Odd memory problem mega 2560

I am interfacing with an old mixing console. It has a z80 that handles switching on the channel strips. Switches control LEDs and audio switching.

The z80 is now due for a peaceful retirement - I have built a replacement using at present a mega 2560 totally replacing the whole z80 board. I have sucessfully connected to the console hardware - a brief overview of the console hardware:

8 motherboards
8 channels per motherboard
4 CS (Chip select) lines per channel
3 8bit PIA ports per CS

the PIA ports are a mix of buttons that are read, or latches to set the relevant switches.

I hold a bool map of the bits in each port in an array:


this is a bool array, so a calculation says that is 6,144 bits of memory used.
Before I add the next function, my sketch compiles fine at 30% dynamic memory - there is already allot of code.

Next is my command map function it will have about 50 different commands in it. It is called from a script that analyses any button press on the console hardware - i will also use it for a new keypad controller and midi. Even with just these few currently commented lines - it fails to complile and reports 130% dynamic memory use....

void commandSendData(uint8_t MB, uint8_t CH, uint8_t  CS, uint8_t PORT, uint8_t BIT, uint8_t commandId)
  consoleDataTree[MB][CH][CS][PORT][BIT] = !consoleDataTree[MB][CH][PORT][BIT];   // toggle the switch state - toggle the button event in memory

    switch (commandId)
    // INPUTS
    case 0:

    // GROUPS
    case COMMAND_GROUP_BUTTON_GROUP_MUTE:       // write TO the relevant PIA ports - update the relevant bits

//      consoleDataTree[MB][CH][1][0][2] = consoleDataTree[MB][CH][CS][PORT][BIT];  // SWITCH GROUP MUTE - this compiles at 30%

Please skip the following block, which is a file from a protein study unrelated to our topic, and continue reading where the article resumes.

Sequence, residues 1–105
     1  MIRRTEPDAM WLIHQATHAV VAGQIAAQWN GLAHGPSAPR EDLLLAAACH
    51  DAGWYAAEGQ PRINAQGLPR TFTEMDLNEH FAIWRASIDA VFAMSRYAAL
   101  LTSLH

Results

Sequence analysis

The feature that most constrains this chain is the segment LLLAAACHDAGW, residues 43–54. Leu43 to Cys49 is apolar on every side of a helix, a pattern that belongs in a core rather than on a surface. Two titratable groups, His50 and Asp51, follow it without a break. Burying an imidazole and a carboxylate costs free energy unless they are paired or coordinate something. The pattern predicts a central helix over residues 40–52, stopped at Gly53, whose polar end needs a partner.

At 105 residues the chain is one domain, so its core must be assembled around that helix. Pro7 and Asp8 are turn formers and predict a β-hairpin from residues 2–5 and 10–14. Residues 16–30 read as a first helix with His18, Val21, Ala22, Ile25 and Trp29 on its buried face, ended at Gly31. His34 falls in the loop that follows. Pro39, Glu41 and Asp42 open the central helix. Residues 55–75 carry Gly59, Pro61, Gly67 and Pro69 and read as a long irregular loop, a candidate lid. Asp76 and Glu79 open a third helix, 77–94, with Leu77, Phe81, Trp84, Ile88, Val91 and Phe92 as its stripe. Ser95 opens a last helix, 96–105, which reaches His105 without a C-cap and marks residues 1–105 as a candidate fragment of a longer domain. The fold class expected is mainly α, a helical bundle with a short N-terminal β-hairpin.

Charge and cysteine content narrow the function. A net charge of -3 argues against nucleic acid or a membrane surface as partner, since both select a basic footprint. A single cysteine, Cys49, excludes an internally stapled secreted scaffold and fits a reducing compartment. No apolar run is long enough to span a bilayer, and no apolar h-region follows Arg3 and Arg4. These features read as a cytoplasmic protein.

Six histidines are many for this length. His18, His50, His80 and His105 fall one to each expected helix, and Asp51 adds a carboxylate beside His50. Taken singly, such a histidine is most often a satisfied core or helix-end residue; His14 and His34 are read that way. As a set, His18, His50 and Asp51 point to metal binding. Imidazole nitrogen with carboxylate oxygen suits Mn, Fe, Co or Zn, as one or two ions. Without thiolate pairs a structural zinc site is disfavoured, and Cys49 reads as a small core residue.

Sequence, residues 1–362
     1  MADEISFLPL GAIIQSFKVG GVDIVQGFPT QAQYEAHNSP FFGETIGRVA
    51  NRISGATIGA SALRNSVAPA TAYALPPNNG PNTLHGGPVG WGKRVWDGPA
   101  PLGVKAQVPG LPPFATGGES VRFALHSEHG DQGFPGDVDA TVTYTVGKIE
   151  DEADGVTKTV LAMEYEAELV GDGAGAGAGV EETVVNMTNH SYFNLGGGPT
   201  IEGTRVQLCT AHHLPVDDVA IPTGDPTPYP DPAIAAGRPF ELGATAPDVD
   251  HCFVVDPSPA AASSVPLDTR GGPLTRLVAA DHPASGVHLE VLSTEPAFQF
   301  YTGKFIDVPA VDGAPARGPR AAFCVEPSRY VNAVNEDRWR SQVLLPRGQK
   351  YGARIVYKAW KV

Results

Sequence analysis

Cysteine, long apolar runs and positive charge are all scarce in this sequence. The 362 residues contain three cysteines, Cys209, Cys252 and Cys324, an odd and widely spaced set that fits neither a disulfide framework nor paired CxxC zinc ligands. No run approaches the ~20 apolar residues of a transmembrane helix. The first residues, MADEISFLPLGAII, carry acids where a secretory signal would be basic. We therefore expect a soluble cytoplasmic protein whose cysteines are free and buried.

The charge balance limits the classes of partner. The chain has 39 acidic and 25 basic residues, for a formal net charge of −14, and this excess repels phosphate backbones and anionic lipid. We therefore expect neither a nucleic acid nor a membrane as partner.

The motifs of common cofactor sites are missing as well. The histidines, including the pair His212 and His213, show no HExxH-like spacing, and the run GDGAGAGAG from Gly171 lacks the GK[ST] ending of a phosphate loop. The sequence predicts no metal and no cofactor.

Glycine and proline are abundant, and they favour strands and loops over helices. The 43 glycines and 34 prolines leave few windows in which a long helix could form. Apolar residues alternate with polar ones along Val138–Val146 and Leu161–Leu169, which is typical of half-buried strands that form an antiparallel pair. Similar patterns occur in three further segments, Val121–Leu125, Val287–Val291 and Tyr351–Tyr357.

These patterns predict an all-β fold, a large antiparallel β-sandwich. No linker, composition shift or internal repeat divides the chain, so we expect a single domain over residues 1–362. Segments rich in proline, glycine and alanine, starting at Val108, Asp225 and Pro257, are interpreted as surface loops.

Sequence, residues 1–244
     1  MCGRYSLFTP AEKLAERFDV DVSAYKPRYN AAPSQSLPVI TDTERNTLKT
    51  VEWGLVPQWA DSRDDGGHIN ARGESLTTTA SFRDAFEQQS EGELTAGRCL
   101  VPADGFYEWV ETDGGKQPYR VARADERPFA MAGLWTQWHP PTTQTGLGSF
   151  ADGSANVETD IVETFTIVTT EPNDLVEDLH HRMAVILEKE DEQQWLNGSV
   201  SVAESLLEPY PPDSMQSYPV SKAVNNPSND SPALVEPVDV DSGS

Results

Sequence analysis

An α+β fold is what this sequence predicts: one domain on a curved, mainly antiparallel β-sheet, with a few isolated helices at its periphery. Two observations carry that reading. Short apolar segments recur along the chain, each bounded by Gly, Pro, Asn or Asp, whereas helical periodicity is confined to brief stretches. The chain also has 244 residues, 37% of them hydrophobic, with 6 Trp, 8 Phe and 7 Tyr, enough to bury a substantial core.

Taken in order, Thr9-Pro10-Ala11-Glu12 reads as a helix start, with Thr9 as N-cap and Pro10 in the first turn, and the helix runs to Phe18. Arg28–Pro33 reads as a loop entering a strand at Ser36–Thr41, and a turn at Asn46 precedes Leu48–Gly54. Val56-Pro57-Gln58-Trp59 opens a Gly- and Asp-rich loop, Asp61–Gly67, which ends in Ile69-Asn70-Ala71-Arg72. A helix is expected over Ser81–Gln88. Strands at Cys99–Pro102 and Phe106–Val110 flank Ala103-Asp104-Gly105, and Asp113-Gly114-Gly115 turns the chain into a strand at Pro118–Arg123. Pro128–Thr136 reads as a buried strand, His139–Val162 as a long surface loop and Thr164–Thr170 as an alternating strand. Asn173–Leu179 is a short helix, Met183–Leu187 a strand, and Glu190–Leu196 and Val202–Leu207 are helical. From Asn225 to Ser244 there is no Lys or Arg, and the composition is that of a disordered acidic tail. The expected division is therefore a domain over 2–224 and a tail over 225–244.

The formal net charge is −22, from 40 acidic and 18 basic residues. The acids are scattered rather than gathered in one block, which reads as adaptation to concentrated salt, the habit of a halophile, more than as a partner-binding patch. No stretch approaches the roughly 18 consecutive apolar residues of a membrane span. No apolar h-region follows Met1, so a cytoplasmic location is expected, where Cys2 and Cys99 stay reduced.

//      consoleDataTree[MB][CH][1][0][3] = consoleDataTree[MB][CH][CS][PORT][BIT];  // LED GROUP MUTE - compiles at 30%
      // send to pia
//      writeToPiaPort(MB, CH, 1, 0);   // this compiles at 67%

with all three uncommented it reports 130%. Im scratching my head.

Type 'boolean' takes up one byte each. That means 6144 BYTES of memory.

You could store each port (eight bits) as a byte:


That would get you back down to 768 bytes.

doh. I saw somewhere it was a bit, but i see you are right.... I will do that right now.

but its odd is it not that it compiles happily with the array declared. It compiles but only falls over when there are multiples uncomented. I would like to understand why this is happening.

The compiler is very smart. If you only use a few entries in a large array, it just throws away the values you don't use. That save a lot of memory space. :slight_smile:

Is this intentional?

yes. as a button is pressed, it toggles the switch. This is my toggle.

I see

Indexing does not match, right and left. So, whatever that line does, it does not appear to simply "toggle".

well spotted